WASHINGTON – The top American commander in Iraq on Wednesday warned Congress against losing sight of that nation as a key Mideast ally, even as safer conditions have let him send home more U.S. troops faster than expected.
Army Gen. Ray Odierno did not directly address the impact that the is having on his mission as he makes sure Iraq's military and political systems are stable enough to stand alone by the time U.S. forces leave at the end of 2011.
But Afghanistan was on the minds of lawmakers on the House Armed Services Committee who wanted to know whether U.S. troops and equipment were being shifted there.
"As you know, our military has been greatly stressed over the past several years," said the committee's chairman,, D-Mo., "And they're potentially facing increased demand for troops in Afghanistan."
The United States invaded Iraq in 2003 — about 18 months after forces were sent to Afghanistan to root out al-Qaida. Iraq was the 's focal point for most of the Bush administration, leaving the public view of Afghanistan largely in the dark.
But President Barack Obama has put the focus back on Afghanistan, risking making Iraq the forgotten war.
Odierno sought to not let that happen, reminding lawmakers that Iraq, with its fledgling democracy, could be a key U.S. partner in the Mideast given its location and natural resources, like oil.
"It's important for us to stay engaged," Odierno told the House panel. "We have spent a lot of money. We have spent a lot of personal sacrifices inside Iraq. And security is headed in the right direction. We don't want to lose sight of that."
At the hearing, Odierno announced that he will send home about 4,000 additional troops by the end of October, mostly the result of better security in the once insurgent-riddled Anbar Province west of Baghdad. He said that's "a bit faster than we originally planned."
He said there are about 124,000 U.S. troops currently in Iraq, and he expects to meet Obama's deadline of sending home all but 50,000 by September 2010 as the military ends its combat mission there.
Additionally, Odierno estimated about 150,000 pieces of U.S. equipment have been shipped out of Iraq, freeing it up to be sent to Afghanistan. He said the U.S. has closed about 200 bases in Iraq so far.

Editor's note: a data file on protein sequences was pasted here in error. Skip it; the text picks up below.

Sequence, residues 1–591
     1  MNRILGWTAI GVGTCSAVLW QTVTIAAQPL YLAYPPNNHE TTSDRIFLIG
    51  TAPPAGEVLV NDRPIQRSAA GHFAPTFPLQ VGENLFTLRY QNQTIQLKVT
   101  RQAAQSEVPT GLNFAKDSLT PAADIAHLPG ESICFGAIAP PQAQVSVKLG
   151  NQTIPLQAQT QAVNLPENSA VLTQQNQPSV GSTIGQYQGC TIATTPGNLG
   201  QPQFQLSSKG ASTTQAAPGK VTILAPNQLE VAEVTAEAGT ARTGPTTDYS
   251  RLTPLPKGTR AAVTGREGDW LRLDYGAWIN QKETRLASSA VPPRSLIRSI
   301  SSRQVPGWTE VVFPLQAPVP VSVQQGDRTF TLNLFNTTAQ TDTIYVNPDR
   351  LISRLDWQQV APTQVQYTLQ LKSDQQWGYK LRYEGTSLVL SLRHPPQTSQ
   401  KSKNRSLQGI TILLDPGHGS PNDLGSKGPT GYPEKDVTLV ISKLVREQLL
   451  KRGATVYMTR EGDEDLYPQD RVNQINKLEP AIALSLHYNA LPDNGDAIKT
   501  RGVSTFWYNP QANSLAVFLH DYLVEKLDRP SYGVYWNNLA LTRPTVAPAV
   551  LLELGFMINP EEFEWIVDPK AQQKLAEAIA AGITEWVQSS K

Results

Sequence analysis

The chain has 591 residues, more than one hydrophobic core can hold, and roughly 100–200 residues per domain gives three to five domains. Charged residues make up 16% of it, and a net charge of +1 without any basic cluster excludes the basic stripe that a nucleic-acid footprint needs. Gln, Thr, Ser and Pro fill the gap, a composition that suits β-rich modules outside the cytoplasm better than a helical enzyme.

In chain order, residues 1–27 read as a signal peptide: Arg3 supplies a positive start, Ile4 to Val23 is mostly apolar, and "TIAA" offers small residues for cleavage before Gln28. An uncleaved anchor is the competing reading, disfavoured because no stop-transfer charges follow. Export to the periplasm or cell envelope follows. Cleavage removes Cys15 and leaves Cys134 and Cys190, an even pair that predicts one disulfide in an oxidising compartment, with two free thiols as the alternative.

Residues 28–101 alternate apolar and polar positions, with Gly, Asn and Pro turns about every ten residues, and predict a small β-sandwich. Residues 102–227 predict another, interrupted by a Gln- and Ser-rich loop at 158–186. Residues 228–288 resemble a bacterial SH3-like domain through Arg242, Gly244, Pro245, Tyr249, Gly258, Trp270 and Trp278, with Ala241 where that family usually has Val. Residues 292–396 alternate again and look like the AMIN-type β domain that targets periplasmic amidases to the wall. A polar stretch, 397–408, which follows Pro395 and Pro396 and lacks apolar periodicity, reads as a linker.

But Iraq's anticipated Jan. 16 elections will serve as a gut check for security there. Odierno said it will be the first elections run solely by Iraqis, and that any violence surrounding it probably will happen within the first 60 days after the vote.
He also called the long-standing tensions between Arabs and's oil-rich but volatile northern region the largest security threat to the fragile country.
Try as he might to remain focused on Iraq, Odierno had a hard time resisting being drawn into the debate that has consumed Washington over whether Obama should order more troops to Afghanistan.
"What lessons learned would you like to see brought over to Afghanistan from Iraq?" asked Rep. Duncan Hunter, R-Calif.
Odierno said he has been too consumed with Iraq and "I don't pretend to understand the environment in Afghanistan."
Asked about whether he believes Iraq was helped by the 2007 surge of U.S. troops — as military chiefs and hawks in Congress are pushing Obama to do in Afghanistan — Odierno relented.
"The surge of forces clearly had an impact on our ability to improve the security inside of Iraq," Odierno said.
He added that civilian missions and a clear strategy also played a huge part in making the surge a success.
On the Net:
House Armed Services Committee: http://armedservices.house.gov/